Posts Tagged ‘writing’

Who was the Virgin Mary? Really?

Wednesday, December 17th, 2014

The identity, personal diary, and genealogy of Mary of Nazareth and her son, Jesus, are expressed in the first two novels of the Justine Trilogy: the award-winning, The Cairo Codex and The Italian Letters (release, October, 2014). Perfect Christmas presents. The third in the trilogy, A Rapture of Ravens, will be released in June, 2015.

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Pre-order The Italian Letters!

Friday, September 19th, 2014

The Italian Letters by Linda Lambert

The Italian Letters by Linda Lambert

At your local bookstore or Amazon.

Release date: October 14, 2014.

The Italian Letters is the second in the Justine Trilogy.

 

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The Cairo Codex wins 3 awards

Wednesday, May 7th, 2014

The Cairo Codex, has now won three prestigious 2014 awards: the Silver Nautilus Award for fiction, the Bronze International Independent Publishers Award for historical fiction, and was a finalist in the USA Best Books Award competition.  The Cairo Codex, a riveting novel of suspense, politics, religion, and romance is set in Egypt during the years 2 and 2007. Anthropologist Justine Jenner discovers the diary of Mary of Nazareth, the mother of Jesus, in an ancient crypt during a major earthquake. She barely survives with the codex and her life, both threatened by the Muslim Brotherhood.

I became enthralled with Egypt as a young girl when my mother enchanted me with tales of her own alleged reincarnation from Egyptian royalty. In 1989, I became a State Department Envoy to Egypt and began two decades of exploration of its culture. I’ve  written several internationally-recognized books in the field of leadership, none as fun as fiction! Before fiction, I was an administrator, history instructor, international consultant, and am professor emeritus at California State University, East Bay.

 The second novel in The Justine Trilogy, The Italian Letters, will be released this fall (I know, I know, I said July!) and the third novel, A Rapture of Ravens, in early 2015.

 

 

 

 

 

 

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Book Clubs! Schedule a Phone Conversation with me!

Wednesday, February 12th, 2014

Recently, a member of a book club asked if I might be in Kansas City on a day scheduled for a meeting. They planned to discuss my novel, The Cairo Codex. I find such conversations exciting indeed! However, since I won’t be in the vicinity on that certain date, I suggested a speaker phone or Skype Q&A discussion. I hope to hear from you about scheduling such a conversation. Or, depending on the place and time, we might be able to schedule one in person.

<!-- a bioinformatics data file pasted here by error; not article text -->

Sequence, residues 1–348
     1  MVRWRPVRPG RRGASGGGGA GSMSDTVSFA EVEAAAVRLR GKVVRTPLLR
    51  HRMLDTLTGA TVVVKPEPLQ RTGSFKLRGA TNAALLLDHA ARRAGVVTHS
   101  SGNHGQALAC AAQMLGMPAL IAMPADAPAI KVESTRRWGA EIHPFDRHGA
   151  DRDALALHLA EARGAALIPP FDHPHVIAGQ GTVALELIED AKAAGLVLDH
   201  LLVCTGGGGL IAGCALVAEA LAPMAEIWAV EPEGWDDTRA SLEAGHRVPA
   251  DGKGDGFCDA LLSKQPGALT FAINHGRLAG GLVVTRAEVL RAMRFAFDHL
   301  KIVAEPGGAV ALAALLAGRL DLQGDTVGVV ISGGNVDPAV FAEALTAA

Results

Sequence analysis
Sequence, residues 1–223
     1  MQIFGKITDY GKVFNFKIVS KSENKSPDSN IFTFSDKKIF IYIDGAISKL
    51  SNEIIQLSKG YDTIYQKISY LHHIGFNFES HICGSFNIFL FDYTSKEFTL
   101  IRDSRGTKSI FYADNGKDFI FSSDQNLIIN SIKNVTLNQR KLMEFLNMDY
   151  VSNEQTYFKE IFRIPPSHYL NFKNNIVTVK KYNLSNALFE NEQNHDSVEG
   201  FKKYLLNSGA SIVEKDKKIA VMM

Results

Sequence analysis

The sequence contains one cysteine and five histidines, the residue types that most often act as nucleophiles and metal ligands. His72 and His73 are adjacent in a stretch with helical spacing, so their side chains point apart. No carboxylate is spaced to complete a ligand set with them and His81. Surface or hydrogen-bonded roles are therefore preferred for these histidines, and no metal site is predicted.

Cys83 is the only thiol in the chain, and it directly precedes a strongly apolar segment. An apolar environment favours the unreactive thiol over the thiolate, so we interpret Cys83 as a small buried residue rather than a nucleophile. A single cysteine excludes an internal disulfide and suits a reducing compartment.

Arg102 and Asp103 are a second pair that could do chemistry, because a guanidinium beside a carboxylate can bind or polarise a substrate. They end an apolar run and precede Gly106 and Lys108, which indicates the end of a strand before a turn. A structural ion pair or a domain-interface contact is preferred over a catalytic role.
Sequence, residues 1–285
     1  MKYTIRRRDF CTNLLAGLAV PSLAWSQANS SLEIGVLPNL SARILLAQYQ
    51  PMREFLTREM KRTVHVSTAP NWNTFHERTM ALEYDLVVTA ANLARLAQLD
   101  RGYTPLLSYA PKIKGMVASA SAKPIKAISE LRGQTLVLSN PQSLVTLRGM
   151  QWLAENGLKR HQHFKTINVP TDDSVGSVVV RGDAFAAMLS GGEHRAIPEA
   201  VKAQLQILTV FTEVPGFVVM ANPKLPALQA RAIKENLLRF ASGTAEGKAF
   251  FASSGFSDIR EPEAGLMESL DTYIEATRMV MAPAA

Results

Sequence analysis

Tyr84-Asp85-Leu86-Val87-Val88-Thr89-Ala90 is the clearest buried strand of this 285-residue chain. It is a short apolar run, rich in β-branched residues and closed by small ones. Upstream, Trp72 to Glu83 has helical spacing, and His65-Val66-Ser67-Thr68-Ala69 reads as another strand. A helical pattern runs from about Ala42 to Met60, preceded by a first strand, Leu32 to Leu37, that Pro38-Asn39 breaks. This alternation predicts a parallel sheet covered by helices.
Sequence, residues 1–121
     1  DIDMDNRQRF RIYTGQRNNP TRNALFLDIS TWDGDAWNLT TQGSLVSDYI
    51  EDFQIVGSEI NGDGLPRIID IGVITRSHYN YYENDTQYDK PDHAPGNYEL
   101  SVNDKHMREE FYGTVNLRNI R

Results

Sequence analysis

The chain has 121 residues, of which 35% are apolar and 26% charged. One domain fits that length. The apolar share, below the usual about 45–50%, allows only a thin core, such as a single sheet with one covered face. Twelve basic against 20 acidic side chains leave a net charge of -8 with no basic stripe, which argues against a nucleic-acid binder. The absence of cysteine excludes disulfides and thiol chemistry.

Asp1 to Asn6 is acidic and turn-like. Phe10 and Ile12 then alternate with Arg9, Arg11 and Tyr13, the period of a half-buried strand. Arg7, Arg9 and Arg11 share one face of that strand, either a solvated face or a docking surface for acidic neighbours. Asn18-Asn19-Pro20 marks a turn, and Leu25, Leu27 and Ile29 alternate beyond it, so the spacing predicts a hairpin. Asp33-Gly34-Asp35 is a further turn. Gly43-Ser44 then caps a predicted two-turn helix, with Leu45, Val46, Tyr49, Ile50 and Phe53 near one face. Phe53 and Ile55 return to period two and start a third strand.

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Bono and Elon Musk on Creativity

Friday, January 17th, 2014

The day after Christmas, I told the story of the two Kents, each with a different process for writing novels or stories. Last week, Fareed Zakaria interviewed two talented individuals carved on two sides of the coin of creativity.

Bono and Elon Musk experience creativity as differently as the two Kents experience writing. You are familiar with Bono, the musician and social activist. Musk is the creator of the Tesla electric car and Space X. The questions at hand: “How are you creative? What does it mean to you? How does your creativity work?”

For Bono, creativity is that magical, flaming flash of creation surfacing from the well of God. Lyrics may appear full blown in the early morning, in the night. Musk, on the other hand, sees creativity as hard work–pushing until the brain hurts. Two men, two sets of experiences. Both with bountiful creativity.

I’ve heard people say: “I’m not creative because it doesn’t come easy, in flashes. I have to work too hard.” Yet, clearly, there isn’t a “right” way to write, to think, or to create. How does creativity happen for you?

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Hemingway’s style continued….

Tuesday, January 7th, 2014

If you are lucky enough to have lived in Paris as a young man, then wherever you go for the rest of your life it stays with you, for Paris is a moveable feast. Ernest Hemingway

…as I was saying, Hemingway’s approach to writing–with his morning companions, whiskey and fine brandy–was to write to a peak moment. When he was in flow. Then break and allow ideas to germinate, slosh around while he spent time with others. He listened. He was creating and writing The Sun Also Rises at the time.

A second intriguing learning from Hemingway was how he found his “true” sentences for which he is most celebrated. If he were in need of one–but the “truth well” was dry–he went to the Louvre and sat in front of a painting by Cezanne. The true sentence thus revealed itself. Where do you find truth? Cross over into another creative discipline and listen.

Unknown

 

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So—you want to write a novel…

Monday, December 23rd, 2013

It is said that vast numbers of people have—or believe they have—the GreatAmerican Novel inside them. Perhaps that is so, in that the novel blends our imagination and dreams, our biographies and experiences, our hurts and disappointments. We can decide how life turns out. We can shape our destinies.

A few ideas to consider as you undertake this magnificent, mammoth task:

1)   Do you have a concept or story that will carry you through to the end?

2)   Can you unravel the threads of your story into intriguing characters and sub-plots?

3)   Will you discipline yourself to find the time to write each day?

4)   Do you enjoy spending time alone, inside your own imagination?

5)   Can you write fully, joyfully, and freely without worrying about publication? (more on that soon)

Next: How Do You Write?

Linda

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